There is a story about a young woman who was a dedicated daily jogger. She signed up for a five mile race in a nearby town. When the day of the race came, she checked in and went to the starting line. The opening gun went off and the race began. Our runner passed the one mile mark and the two, three and four. By this distance the runners should have made the turn back to the place they started. That prompted her to ask another runner. “We have already gone four miles. There is only one to go. When do we head back?” The other runner looked at her with surprise and said, “This is not the five mile race. That had a different starting line. This is the marathon!” The marathon – 26 miles!
Our runner was in a race she did not train for. She was totally unprepared. She did not sign up for this. But it was the race she was in. So she kept going. Mile after mile. Our runner was one of the last to finish, but finish she did.
I’ve been thinking about that story as we enter the fifth month of this pandemic. Most scientists are telling us this may go on for a long time. I didn’t sign up for this. I didn’t prepare for this. I didn’t train for this. But this is the race I am running.
That led me to go to all the “running the race” references in the letters of St. Paul. One is in his Second Letter to Timothy. “I have fought the good fight, I have finished the race, I have kept the faith.”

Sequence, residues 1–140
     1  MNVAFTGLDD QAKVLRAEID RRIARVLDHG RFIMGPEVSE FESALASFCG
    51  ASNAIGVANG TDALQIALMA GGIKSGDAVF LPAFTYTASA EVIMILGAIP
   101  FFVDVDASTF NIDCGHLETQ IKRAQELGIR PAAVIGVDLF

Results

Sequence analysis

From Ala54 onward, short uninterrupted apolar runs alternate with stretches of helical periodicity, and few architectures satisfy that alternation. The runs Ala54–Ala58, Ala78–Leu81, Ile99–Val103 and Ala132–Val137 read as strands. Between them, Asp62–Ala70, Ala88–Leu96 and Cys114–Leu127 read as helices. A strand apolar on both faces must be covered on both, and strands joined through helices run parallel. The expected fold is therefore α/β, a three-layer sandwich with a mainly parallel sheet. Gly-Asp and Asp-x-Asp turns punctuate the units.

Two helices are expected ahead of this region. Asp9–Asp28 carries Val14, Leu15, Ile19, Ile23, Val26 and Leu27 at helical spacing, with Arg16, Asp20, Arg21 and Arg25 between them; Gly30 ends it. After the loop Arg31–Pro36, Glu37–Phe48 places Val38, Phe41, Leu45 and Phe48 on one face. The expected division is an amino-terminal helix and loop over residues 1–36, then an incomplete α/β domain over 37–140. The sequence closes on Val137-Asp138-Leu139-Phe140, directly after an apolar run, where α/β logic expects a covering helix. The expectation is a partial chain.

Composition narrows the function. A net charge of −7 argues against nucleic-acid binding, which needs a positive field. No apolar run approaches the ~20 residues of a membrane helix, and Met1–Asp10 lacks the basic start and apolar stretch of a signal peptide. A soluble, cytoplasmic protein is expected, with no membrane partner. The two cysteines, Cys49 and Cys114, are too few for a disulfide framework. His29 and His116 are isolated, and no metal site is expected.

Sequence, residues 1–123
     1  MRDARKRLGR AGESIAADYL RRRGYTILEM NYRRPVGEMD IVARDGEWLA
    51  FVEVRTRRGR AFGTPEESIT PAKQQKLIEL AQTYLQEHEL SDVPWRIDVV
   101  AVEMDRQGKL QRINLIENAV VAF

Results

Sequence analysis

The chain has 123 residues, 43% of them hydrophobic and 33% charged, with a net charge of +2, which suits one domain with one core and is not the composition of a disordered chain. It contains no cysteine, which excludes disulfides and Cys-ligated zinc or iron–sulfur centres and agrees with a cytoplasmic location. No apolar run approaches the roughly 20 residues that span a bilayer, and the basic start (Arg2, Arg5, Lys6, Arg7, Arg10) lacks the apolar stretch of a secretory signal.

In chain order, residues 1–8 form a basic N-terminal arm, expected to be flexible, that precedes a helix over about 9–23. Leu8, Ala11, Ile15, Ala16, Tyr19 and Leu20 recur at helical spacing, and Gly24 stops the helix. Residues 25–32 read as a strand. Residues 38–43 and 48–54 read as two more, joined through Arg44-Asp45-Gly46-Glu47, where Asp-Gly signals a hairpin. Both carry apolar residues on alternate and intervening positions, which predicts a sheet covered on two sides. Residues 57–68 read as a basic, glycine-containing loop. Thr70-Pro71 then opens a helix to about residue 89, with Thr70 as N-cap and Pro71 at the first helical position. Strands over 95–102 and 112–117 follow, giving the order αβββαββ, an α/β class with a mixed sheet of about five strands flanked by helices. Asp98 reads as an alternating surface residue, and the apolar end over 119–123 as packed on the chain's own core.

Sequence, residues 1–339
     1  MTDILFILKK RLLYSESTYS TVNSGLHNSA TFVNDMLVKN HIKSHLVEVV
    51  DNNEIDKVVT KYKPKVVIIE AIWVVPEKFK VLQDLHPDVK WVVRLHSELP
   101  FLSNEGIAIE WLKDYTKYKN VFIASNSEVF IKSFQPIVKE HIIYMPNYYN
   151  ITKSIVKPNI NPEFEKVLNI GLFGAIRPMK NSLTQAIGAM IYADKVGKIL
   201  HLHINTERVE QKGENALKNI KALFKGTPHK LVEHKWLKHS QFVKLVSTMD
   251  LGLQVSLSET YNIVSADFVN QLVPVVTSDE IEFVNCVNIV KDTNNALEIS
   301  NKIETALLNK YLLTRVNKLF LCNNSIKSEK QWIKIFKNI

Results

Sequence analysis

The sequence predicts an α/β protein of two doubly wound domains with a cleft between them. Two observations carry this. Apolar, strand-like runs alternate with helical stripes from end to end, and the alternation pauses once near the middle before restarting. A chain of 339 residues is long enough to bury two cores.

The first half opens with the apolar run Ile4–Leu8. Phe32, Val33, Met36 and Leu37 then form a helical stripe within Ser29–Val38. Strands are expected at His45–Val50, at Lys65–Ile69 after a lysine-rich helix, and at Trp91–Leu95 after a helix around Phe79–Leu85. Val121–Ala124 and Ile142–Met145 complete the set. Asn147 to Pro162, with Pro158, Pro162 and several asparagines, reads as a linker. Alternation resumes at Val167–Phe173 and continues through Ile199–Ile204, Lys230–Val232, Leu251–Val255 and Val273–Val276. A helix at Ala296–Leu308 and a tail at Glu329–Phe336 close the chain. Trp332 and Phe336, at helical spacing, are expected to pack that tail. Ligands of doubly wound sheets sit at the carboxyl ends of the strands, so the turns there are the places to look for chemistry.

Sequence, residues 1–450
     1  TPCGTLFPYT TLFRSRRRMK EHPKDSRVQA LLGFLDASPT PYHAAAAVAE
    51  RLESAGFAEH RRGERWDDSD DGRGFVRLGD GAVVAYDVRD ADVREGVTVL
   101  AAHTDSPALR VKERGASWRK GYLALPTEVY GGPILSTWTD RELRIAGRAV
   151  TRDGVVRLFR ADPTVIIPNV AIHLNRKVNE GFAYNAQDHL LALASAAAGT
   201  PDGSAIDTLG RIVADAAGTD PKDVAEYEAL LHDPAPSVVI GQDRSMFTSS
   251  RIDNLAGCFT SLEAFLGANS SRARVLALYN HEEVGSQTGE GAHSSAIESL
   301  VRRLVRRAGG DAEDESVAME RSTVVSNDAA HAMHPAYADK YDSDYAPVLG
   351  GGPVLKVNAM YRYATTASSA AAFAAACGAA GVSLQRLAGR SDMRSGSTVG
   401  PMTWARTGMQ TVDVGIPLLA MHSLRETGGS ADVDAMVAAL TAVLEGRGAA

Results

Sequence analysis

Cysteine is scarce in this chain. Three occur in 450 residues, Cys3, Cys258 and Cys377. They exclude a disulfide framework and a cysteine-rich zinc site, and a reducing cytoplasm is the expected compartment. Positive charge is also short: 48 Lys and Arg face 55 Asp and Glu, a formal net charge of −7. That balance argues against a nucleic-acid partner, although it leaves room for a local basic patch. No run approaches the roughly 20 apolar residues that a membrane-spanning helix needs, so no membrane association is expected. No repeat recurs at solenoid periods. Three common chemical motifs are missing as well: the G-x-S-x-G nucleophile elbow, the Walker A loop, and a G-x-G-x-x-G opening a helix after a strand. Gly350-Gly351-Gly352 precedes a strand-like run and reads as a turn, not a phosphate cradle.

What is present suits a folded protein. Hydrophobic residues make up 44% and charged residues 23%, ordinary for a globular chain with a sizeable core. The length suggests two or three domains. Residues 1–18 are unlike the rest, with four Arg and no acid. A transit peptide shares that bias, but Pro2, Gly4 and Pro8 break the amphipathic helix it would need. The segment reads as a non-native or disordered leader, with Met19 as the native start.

There are running images in First Corinthians and two more in Philippians, and another in Hebrews – a letter which Paul did not write. The inspired writers of The Book of Common Prayer created a prayer out of that one:
“In the multitude of your saints you have surrounded us with a great cloud of witnesses, that we might rejoice in their fellowship, and run with endurance the race that is set before us; and together with them, receive the crown of glory that never fades away.”Preface for All Saints Day, BCP, 380.
This is one of my favorite prayers. It is for use in the Holy Eucharist on All Saints Day. I admit that I use it on a lot of other days as well. (Don’t tell the bishop!) I believe it is a good prayer for this marathon of a pandemic.
“Run with endurance the race that is set before us.” We did not choose this race, but it has been set before us. And from where does our endurance come? It comes from the “multitude of saints” that “surround us with a great cloud of witnesses.”
This pandemic is a new race for us, one we have never experienced before. But the world has been through many other times of suffering. And people have kept the faith. As St. Paul writes to the Romans: “Who will separate us from the love of God? Will hardship, or distress, or persecution, or famine, or nakedness, or peril, or sword?…No, in all these things we are more than conquerors through him who loved us.”
Recently I read a letter that Tom Synan, rector of Grace Church in Amherst, sent to his church: “The current circumstances do not define or control us. We are the Body of Christ. We are descendants of the saints and mystics, holy women, holy men, holy young people, holy children. We are God’s servants, God’s agents, a community of faith gladly doing its part for the common good.”
Let us run this race with endurance. And at the end of it we’ll be able to say, “we kept the faith.”